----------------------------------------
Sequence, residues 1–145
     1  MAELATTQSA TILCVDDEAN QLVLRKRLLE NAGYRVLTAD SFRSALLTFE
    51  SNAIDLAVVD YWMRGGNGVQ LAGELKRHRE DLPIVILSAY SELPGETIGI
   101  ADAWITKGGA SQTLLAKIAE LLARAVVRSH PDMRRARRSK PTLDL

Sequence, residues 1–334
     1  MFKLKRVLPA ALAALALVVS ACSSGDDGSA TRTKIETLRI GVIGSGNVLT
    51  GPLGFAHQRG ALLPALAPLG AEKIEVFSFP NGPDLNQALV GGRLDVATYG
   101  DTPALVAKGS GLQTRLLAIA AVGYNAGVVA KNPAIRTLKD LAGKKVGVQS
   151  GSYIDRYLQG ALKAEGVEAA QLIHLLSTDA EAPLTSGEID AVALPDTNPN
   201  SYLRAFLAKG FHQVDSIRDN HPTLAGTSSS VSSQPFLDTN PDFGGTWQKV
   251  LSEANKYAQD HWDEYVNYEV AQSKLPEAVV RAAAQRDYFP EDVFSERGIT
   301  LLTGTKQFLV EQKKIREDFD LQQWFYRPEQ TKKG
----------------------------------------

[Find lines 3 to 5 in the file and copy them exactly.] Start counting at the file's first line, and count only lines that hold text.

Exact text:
    51  SNAIDLAVVD YWMRGGNGVQ LAGELKRHRE DLPIVILSAY SELPGETIGI
   101  ADAWITKGGA SQTLLAKIAE LLARAVVRSH PDMRRARRSK PTLDL

Sequence, residues 1–334